BC Wildfire crews empty sandbags as evacuation orders are rescinded for Grand Forks’ downtown. (Katya Slepian/Black Press)

BC Wildfire crews empty sandbags as evacuation orders are rescinded for Grand Forks’ downtown. (Katya Slepian/Black Press)

UPDATED: Majority of flood evacuees in Kootenay-Boundary allowed to return home

Officials hope to have all 3,000 people back in their homes by Monday night

Much needed good news kept on coming to the flood-ravaged Kootenay-Boundary region on Sunday as most of the area’s evacuees got word that they could return home.

As of 9:30 p.m., 2,000 were no longer under evacuation order in Grand Forks, Christina Lake and the surrounding areas.

Among the returning evacuees were around 750 in Grand Forks itself.

The first wave of residents were allowed to return to the city’s downtown by mid-morning Sunday.

“They were some of the ones that were clearly unaffected by flood waters,” emergency operations centre information officer Frances Maika said.

“Our goal is to, by the end of the day tomorrow (May 21) to have the majority of people who have been on evacuation order back in their homes or businesses. That’s most of those 3,000.”

Just before 5 p.m. Sunday, another 415 properties at Christina Lake, 20 kilometres east of Grand Forks, had their evacuation orders rescinded.

At around 9:30 p.m., 98 properties South Ruckle, one of the hardest hit neighbourhoods in Grand Forks, as well as 42 homes east of the Grandby and Kettle rivers were downgraded to evacuation alerts.

As hundreds of people people prepared to return to their homes, officials warned them that they were still on evacuation alert and should remain ready to leave again.

About 1,000 people remain under evacuation order as of late Sunday night.

Dan Derby, the head of the emergency operations centre, said that the goal was to have Grand Forks’ downtown “open for business” come Tuesday morning.

Derby said that the forecast was improving much faster than was anticipated.

Officials had braced for a peak to flood levels on Saturday night that never materialized, he added.

“The perfect storm… didn’t align so we didn’t get hit as hard the second time,” said Derby.

“The best information said we were going to get hammered a second time and we were very lucky that didn’t happen.”

River levels hit an all-time high of 22.6 feet (6.9 metres) at the ferry gauge south of Midway this week, Derby said, but had dropped to 18 feet (5.5 metres) by Sunday afternoon.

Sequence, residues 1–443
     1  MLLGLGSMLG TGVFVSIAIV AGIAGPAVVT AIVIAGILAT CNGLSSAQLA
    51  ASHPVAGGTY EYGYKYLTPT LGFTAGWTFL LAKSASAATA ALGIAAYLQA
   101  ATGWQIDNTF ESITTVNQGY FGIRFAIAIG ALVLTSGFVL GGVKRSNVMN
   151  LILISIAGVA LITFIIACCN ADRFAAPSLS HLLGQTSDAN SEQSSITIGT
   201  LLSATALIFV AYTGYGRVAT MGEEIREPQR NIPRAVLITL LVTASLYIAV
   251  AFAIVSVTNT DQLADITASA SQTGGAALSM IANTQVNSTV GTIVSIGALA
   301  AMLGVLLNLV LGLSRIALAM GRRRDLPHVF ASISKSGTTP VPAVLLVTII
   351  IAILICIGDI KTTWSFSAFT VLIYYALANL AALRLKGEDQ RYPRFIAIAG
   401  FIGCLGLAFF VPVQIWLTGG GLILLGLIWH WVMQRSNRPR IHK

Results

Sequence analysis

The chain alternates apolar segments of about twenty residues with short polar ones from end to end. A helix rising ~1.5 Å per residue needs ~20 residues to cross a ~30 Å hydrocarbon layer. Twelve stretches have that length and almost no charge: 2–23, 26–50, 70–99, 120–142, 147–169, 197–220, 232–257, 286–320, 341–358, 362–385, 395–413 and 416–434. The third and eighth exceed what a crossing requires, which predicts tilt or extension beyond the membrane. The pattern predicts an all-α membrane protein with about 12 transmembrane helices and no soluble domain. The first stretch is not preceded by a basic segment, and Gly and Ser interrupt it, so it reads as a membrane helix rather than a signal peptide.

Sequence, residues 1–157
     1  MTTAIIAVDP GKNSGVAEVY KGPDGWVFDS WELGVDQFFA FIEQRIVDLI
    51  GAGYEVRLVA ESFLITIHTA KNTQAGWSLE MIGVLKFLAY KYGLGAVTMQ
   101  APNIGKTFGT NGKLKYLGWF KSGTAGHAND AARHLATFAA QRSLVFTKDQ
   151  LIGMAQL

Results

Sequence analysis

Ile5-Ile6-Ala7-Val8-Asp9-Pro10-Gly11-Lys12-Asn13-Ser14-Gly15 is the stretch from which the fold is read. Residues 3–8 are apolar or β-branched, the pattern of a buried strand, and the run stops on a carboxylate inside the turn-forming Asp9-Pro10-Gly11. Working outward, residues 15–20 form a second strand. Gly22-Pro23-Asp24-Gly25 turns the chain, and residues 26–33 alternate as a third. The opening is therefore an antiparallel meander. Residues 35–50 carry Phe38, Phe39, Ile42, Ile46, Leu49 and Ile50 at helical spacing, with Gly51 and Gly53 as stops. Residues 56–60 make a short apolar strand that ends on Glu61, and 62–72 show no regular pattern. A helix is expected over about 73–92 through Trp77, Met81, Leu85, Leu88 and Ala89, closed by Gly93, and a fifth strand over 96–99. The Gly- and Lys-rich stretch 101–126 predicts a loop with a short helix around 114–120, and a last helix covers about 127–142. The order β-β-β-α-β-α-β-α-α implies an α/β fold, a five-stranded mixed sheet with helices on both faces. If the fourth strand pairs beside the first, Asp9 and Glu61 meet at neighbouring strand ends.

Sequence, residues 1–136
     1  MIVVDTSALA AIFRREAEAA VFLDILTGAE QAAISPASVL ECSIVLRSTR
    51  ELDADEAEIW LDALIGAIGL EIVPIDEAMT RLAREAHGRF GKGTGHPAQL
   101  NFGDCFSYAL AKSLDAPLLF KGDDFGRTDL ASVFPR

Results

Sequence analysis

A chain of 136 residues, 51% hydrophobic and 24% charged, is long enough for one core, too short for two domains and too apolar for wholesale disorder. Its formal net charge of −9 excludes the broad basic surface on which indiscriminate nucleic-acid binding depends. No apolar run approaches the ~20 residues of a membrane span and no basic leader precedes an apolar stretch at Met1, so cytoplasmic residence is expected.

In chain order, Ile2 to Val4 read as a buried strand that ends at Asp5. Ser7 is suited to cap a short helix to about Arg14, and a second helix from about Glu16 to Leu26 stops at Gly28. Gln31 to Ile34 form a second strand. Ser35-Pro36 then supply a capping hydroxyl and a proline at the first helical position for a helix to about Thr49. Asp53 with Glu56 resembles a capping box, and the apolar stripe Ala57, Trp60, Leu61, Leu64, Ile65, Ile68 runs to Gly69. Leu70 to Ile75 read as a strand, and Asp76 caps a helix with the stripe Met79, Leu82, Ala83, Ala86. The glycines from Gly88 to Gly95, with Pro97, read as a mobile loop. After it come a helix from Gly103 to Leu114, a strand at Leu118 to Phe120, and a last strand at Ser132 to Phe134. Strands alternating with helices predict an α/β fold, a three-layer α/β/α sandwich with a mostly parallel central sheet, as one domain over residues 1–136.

In a normal year, Derby added, 18 feet would be considered just half a foot below a minor flood and be cause for concern.

“We’re cheering about a river level that in a different year we would be very worried,” he said.

“The level of the river was a two feet higher than the flood of record in 1948.”

From response to recovery

The Canadian Armed Forces, which had been stationed in Grand Forks since midweek, pulled out on Sunday morning.

They were replaced by a few dozen BC Wildfire staff and contract firefighters who got to work emptying sandbags along Market Street, the main downtown corridor.

Officials say that although the sandbags themselves rot too quickly to be re-used, the sand will won’t be sent to the landfill.

As residents got wind of the recovery efforts, they came out in droves to take stock of what remained.

“Thank you for all you do!” yelled one man.

“First thing’s first, thank you for you every kindness, your physical and emotional strength. This just reminds us why we live where we live,” read a sign on the side of one previously-flooded building.

VIDEO: As floodwaters recede, crews assess the damage to Grand Forks’ downtown

But it’s not all good news.

Many in downtown, like Jogas Espresso Cafe owner Roger Soviskov, are looking at $250,000 or more in damage.

“Thankfully, I have insurance,” Soviskov said.

Others, like those living in Ruckle, one of Grand Forks’ worst-hit neighbourhoods, might not be able to get back into their waterlogged homes anytime soon.

“We’re going to have some homes where it’s not safe to reenter,” said Maika.

“There will be some areas that remain on evacuation order. We’re not at the point right now to anticipate what that will look like because we’re still doing the assessments.”

A firefighter assesses how safe a previously-flooded building is in downtown Grand Forks Saturday. (Katya Slepian/Black Press Media)

Nearly 50 trained rapid damage assessors had begun to take stock of the damage to nearly 1,400 homes and businesses in the area on Saturday afternoon.

“We’re trying to complete those assessments and have those teams go to all those structures within the evacuation order area by the end of day tomorrow.”

The system works by distributing red, yellow or green placards – for unsafe, restricted use, and – to the properties.

So far, 582 properties have been assessed, although officials couldn’t confirm how many were handed red placards.


@katslepian

katya.slepian@bpdigital.ca

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